Search for a theme covering helicopters in development and you quickly find that the new super-medium category is dominating the thoughts of three of the four big Western manufacturers.
It is a segment that did not previously exist, but now three of the airframers are working on rotorcraft in the narrow bracket between 7t and 9t. Two of the three - certification hurdles permitting - should enter service this year, and the third is scheduled to follow, with a similar caveat, around two years later.
The driving force behind the development of this new weight class is the offshore transportation sector, which, in turn, is being spurred to achieve new standards by the oil and gas sector that it supports.
Its demands are fairly straightforward, albeit not always compatible: safety, speed, power, range and capacity all need to be combined to achieve its needs. Which brings us to the AgustaWestland AW189 and Eurocopter EC175, which are both aiming for certification in the second half of the year.
Eurocopter's EC175 is aiming for certification in the second half of 2013
AgustaWestland's aircraft should arrive first, with EASA approval scheduled for the third quarter. The Anglo-Italian airframer would not be drawn on an exact date - and there is an outside chance of it receiving certification by the Paris air show - save to say it will happen in a "matter of months".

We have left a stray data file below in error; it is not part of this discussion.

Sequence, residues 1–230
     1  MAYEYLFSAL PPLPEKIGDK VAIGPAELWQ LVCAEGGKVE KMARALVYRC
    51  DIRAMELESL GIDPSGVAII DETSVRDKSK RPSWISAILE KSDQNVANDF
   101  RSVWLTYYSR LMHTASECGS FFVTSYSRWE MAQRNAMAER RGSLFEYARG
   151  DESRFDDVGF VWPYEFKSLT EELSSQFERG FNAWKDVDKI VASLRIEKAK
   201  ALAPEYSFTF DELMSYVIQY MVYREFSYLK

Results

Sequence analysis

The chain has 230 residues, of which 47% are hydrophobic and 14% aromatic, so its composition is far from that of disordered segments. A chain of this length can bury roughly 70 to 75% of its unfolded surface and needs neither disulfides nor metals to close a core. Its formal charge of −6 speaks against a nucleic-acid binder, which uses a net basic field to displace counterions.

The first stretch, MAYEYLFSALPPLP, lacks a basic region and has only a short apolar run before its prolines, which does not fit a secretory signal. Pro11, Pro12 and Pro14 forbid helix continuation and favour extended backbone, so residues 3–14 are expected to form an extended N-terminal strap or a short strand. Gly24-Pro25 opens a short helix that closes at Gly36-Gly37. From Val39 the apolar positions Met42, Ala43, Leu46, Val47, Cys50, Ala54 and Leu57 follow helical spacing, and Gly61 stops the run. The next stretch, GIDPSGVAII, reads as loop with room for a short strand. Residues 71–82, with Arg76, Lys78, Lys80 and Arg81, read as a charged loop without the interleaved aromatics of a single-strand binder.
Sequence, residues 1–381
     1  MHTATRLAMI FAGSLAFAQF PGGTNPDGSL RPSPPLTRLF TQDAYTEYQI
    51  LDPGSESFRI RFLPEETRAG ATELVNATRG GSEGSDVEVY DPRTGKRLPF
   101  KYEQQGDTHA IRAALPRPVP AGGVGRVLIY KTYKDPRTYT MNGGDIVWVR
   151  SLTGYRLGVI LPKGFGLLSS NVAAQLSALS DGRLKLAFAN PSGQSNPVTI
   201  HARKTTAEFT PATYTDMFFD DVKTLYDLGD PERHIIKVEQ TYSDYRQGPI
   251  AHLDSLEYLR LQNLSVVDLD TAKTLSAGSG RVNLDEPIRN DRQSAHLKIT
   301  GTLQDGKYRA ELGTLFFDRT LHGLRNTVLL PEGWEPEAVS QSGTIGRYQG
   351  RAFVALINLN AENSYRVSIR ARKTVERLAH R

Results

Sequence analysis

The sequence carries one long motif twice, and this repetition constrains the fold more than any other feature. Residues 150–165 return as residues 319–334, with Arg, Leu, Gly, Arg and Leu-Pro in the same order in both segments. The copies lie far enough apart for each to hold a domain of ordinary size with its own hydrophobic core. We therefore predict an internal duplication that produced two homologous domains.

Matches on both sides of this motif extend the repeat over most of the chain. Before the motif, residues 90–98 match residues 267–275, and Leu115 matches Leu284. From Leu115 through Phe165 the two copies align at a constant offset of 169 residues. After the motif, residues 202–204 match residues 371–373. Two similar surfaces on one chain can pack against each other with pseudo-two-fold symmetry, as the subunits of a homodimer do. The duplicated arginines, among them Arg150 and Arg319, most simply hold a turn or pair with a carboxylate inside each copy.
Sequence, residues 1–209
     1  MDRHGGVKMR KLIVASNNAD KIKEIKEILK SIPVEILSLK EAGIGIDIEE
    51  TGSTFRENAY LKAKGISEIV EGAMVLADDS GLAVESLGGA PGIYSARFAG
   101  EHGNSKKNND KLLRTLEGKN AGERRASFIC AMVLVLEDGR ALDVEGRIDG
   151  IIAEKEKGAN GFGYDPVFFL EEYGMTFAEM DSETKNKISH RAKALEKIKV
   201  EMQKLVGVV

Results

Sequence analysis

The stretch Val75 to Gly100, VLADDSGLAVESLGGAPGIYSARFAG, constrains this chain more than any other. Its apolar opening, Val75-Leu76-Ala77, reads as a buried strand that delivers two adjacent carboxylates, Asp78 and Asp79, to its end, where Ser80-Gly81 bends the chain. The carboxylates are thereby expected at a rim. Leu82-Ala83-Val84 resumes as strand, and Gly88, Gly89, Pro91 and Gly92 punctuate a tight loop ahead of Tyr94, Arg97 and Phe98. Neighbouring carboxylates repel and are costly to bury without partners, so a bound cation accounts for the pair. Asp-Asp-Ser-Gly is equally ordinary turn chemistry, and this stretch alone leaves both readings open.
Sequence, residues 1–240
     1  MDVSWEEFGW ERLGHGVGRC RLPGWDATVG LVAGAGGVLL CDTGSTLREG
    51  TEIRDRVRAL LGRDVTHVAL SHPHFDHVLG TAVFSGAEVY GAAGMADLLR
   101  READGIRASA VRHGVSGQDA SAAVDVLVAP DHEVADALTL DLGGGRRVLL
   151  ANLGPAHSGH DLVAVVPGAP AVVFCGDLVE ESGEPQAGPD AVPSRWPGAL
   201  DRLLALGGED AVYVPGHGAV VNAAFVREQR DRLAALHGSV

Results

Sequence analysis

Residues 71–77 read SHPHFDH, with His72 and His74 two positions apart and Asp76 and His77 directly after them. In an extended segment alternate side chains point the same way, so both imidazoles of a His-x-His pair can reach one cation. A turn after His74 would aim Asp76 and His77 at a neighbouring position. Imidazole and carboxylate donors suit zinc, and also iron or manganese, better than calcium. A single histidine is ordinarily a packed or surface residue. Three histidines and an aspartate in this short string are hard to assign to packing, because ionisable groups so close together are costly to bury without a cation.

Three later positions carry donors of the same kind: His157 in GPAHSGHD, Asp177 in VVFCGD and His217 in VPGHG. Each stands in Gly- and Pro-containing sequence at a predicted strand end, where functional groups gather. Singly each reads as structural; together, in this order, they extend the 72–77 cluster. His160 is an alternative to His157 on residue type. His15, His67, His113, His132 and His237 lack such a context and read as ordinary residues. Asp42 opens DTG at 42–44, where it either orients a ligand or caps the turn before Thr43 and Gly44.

The second prototype aircraft recently returned from the USA to Italy having completed a number of key trials on the other side of the Atlantic, including hot-and-high tests and icing trials in Texas and Alaska respectively.
Five aircraft are now flying, comprising four prototypes and a pre-production example, with a sixth due to emerge shortly as it moves to testing of the type's mission systems.
Bristow Group will take the first of the 8t maximum take-off weight (MTOW) helicopters, configured for offshore transport, from a total order for 16 of the type.
Bristow is a key client for AgustaWestland, as it will also become the first operator of a search and rescue variant of the AW189 on the back of its victory in the UK's Long SAR contest. Its bid - using the AW189 and Sikorsky S-92 - was selected in March and will see its UK subsidiary Bristow Helicopters operate 22 new rotorcraft - 11 of each type - to replace UK Royal Navy and Royal Air Force Westland Sea Kings from 2015.
AgustaWestland describes the offshore and search and rescue markets as "a priority" for the AW189. It adds: "The offshore market has rapidly expanded in the last few years. Oil and gas customers are demanding an increasing number of modern aircraft with a growing trend for longer-range requirements, especially in Asia.